"It's a chambermaid or a CEO or a truck driver or a teacher," Casey says. "If you stop 10 people on the street and say, 'Are you a working family?' I think you'd get a pretty good hit rate of, 'Yeah, that's me.'"

Republican consultant Carol L. Hirschburg recalls when "working family" used to mean "working class" or, more bluntly, poor people. But she knows that's not who the politicians are talking about now.

"To me, this is aimed not at people who can't pay their bills but at people who are going to have a little bit harder of a time paying their bills," she says, beginning to parrot a candidate's bravado: "These people are working for themselves, trying to make a living - we want to help them. We're on your side, we know how hard you work and we want to help."

Hirschburg has noticed local candidates using the term with increasing frequency. With the knowing tone of someone who's been around a few campaigns, she dryly adds, "I would have to believe it has something to do with the demographics."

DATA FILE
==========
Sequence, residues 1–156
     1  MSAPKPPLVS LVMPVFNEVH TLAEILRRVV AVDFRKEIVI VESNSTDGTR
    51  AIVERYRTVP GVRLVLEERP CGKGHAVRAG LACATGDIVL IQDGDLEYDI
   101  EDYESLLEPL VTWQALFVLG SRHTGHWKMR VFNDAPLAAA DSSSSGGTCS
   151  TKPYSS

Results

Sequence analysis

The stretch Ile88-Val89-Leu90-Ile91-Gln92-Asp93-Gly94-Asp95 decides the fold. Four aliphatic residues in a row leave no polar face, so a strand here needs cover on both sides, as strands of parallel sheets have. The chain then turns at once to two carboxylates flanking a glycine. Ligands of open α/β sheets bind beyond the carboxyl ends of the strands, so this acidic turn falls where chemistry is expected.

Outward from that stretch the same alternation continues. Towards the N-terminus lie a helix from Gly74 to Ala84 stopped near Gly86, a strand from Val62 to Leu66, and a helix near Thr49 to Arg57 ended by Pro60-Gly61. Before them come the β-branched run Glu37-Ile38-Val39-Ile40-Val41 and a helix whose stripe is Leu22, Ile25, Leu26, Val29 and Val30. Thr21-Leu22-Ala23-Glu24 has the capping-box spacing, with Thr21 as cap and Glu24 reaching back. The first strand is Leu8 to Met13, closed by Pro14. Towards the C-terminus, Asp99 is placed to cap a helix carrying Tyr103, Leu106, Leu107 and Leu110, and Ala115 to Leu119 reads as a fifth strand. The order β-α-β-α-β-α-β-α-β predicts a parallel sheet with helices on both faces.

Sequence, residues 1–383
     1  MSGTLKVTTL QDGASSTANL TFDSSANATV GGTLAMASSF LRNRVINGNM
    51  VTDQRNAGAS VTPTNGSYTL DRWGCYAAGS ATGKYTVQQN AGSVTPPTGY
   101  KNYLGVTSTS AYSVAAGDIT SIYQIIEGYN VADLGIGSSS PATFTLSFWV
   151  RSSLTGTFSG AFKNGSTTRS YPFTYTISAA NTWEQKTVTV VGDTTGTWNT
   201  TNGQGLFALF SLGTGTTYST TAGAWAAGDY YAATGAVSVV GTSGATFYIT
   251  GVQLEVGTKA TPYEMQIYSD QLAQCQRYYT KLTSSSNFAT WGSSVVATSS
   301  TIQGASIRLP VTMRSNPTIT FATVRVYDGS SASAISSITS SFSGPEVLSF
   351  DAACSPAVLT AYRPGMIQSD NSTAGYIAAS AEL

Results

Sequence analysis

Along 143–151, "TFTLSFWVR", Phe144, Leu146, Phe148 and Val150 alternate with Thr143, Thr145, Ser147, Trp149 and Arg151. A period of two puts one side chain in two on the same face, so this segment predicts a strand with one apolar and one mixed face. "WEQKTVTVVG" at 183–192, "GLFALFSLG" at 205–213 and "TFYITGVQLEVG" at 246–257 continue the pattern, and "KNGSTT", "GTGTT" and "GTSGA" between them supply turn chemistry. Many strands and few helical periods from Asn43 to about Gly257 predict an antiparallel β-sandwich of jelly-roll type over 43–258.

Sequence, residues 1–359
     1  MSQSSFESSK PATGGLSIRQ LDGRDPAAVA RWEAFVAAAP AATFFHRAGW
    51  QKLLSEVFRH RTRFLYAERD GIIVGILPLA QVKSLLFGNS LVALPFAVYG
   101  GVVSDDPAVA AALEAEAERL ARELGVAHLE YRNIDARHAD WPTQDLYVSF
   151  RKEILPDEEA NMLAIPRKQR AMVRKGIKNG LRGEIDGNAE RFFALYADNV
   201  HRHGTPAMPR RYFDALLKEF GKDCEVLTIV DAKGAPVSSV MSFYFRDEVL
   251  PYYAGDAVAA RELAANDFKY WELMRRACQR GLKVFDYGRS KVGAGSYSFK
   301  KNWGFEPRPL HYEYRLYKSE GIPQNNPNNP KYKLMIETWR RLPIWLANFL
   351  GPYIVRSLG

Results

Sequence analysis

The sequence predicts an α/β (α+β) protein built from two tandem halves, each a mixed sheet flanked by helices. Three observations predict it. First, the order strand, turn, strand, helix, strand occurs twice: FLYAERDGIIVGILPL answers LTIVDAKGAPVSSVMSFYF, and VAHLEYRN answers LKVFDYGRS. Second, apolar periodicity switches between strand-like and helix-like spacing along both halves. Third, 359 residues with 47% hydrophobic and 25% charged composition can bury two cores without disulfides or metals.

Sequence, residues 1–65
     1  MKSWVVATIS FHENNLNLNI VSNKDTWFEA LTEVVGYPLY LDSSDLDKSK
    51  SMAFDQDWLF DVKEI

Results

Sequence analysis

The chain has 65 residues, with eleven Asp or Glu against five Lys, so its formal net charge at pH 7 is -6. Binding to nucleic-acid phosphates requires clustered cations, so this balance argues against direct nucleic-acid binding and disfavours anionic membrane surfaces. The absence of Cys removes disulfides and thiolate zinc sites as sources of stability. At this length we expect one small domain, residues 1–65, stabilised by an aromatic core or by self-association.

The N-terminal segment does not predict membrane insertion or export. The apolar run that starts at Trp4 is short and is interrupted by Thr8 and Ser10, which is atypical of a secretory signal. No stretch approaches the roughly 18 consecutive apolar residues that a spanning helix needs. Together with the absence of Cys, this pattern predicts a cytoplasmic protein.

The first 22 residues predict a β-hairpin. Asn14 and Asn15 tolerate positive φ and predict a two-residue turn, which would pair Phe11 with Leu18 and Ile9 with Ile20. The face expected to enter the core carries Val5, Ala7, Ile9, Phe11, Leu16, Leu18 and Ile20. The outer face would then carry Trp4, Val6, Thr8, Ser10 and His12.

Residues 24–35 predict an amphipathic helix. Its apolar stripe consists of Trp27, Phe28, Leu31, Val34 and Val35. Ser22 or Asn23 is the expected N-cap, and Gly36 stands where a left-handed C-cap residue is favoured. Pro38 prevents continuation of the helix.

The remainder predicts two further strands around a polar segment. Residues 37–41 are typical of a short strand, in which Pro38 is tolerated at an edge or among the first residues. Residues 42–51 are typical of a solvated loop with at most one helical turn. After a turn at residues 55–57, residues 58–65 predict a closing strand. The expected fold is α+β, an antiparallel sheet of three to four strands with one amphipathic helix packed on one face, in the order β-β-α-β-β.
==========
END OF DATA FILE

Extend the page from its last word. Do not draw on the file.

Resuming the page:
Haller would have to agree.

It's all about the so-called Reagan Democrats, he says, Democrats who in tough economic times can be persuaded to vote Republican. They're out there and all three gubernatorial candidates want to find them.

Fear and anger

They're plentiful enough in the suburbs that ring Baltimore to swing an election - as Ehrlich found to his benefit in 2002. Haller thinks people's fear and anger over the rates situation has made these voters malleable again.

"When the economy goes south, the working-family audience ends up going one way or the other," he says. "You can rest assured that below the surface, the political players for all the gubernatorial candidates are focused on this likely audience."

The candidates and their teams, of course, acknowledge nothing of the kind. And, interestingly enough, they come up with strikingly similar, strikingly broad definitions for the otherwise undefinable term.